“Succession” & “Ted Lasso”: Final Seasons Reviewed

Posted: April 7th, 2023 | Filed under: Film Reviews Podcast, TV | No Comments »

The other night, while breaking matzoh with some folks, we eventually got around to chatting about TV series we watch.

And telling each other about ones they had never heard of but “had to watch.”

No matter apparently to one of my pals that he and I have totally different tastes.

Soon enough the discussion got around to a a couple of national faves, both in their final season.


“Ted Lasso.”

What do I think of the last go round of the former on HBO and the latter on Apple TV+?

Listen below and find out.

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History of World Part II

Posted: March 19th, 2023 | Filed under: Film Reviews Podcast, TV | No Comments »

For some of us, Mel Brooks has been a national treasure.

(I actually had a conversation the other day with a friend, who has never found Brooks especially funny. Go figure. Well, to each his/her own, I suppose.)

Frankly, he should be heralded if only for the fact he stole Anne Bancroft’s heart at first blush. Mrs. Robinson. You go, dude.

Anyway, even though he’s 95, the fellow who got his start as a writer on the iconic Show of Shows from the early days of black & white TV in the 50s is back.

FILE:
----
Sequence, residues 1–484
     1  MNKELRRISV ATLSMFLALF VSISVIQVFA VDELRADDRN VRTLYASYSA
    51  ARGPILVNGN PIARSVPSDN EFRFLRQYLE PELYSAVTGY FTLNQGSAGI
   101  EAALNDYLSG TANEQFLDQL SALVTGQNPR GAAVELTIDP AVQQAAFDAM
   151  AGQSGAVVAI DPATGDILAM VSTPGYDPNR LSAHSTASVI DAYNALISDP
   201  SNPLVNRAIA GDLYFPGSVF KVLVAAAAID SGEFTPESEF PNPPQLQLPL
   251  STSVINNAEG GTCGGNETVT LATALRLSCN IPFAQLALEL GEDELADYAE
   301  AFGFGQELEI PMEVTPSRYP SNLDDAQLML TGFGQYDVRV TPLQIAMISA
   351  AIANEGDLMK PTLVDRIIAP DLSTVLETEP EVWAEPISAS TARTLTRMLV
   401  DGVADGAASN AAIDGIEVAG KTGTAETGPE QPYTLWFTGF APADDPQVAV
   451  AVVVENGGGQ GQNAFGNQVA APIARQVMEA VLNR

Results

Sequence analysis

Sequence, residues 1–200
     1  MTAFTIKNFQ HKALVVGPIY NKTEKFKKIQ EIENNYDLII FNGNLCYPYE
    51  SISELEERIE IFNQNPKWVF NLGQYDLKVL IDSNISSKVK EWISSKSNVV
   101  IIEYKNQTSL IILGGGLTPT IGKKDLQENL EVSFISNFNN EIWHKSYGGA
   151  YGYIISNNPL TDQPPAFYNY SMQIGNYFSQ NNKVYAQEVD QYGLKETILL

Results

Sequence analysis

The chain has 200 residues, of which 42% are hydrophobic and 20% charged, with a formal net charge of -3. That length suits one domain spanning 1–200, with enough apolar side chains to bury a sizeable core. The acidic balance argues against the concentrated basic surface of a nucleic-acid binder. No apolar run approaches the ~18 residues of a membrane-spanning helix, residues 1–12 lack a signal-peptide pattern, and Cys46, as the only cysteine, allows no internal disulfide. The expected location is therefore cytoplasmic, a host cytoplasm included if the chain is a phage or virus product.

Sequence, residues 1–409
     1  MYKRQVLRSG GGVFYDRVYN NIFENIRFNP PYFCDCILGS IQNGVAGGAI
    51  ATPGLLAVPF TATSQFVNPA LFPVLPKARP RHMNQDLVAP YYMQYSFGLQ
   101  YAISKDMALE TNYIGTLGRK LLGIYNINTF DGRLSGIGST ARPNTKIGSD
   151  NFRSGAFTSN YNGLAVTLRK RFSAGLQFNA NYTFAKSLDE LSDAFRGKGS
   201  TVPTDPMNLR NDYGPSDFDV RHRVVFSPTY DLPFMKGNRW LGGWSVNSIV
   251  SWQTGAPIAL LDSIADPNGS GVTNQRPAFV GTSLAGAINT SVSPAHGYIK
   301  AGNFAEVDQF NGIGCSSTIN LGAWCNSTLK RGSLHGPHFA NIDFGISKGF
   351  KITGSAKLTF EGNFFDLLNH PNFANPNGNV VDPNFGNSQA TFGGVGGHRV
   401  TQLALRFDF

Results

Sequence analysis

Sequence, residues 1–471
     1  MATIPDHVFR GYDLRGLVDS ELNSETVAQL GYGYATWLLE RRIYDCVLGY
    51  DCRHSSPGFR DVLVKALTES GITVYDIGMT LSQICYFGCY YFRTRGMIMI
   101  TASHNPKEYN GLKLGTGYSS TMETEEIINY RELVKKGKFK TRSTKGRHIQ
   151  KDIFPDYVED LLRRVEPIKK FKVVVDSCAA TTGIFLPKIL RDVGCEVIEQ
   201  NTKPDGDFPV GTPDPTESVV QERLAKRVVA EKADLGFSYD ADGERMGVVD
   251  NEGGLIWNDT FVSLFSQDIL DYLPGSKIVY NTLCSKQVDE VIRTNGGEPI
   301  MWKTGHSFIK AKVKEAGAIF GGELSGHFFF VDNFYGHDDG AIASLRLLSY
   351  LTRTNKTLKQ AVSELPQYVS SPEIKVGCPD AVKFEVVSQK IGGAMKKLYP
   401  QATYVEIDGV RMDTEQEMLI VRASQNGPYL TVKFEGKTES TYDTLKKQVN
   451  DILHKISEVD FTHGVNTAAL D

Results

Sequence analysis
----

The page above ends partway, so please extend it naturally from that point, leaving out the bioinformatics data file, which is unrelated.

There’s an 8 part Hulu series, a sequel to an earlier Brooks work. It is “History of the World Part II.”

Here Brooks has help from 15 or so other writers with the sketch comedy.

Does it work?

Ah, for that, listen to my podcast below:

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“Tár” & “Mrs Harris Goes to Paris”: Film Review Podcast

Posted: March 10th, 2023 | Filed under: Cinema, Film Reviews Podcast | No Comments »

On consecutive nights I viewed these two completely different movies.

Both worth considering if you haven’t seen them already.

“Tár” features award-nominated Cate Blanchett as the very intense conductor of the Berlin Symphony.

Over two and a half hours we get to watch her fall apart from her own flaws.

“Mrs Harris Goes to Paris” stars Lesley Manville in 50s Britain. She’s an eminently decent cleaning lady who dreams of heading to the fashion capitol of the world and purchasing a Dior gown.

The latter was for obvious reasons an easier and more enjoyable watch.

Though Blanchett who is always on her game is captivating, if her character is not very likeable.

For more, listen to my podcast below:

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“Hello Tomorrow”: Review Podcast

Posted: February 24th, 2023 | Filed under: Film Reviews Podcast, TV | No Comments »

How odd is this new Apple TV+ series featuring Billy Crudup?


Such that I spent a bit more time explaining or trying to explain it in the podcast below.

Crudup leads a band of traveling salespeople town to town in a marvelous to look at retro futuristic 50s.

What are they selling?

Places to purchase to live on the  . . . moon.

Not a bad premise, but . . .

. . . after watching the first four episodes, I’m not sure what the point here really is.

It’s incredible to look at, worth a peek just for that.

As for the rest, uh, listen up.

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“Take Me To The River: New Orleans”: Review

Posted: February 12th, 2023 | Filed under: Cinema, Film Reviews Podcast | No Comments »

Knowing my affection for the Crescent City, and its music, as you regular readers do, you’re thinking for sure that I am obsessively inclined to love any documentary which examines New Orleans music.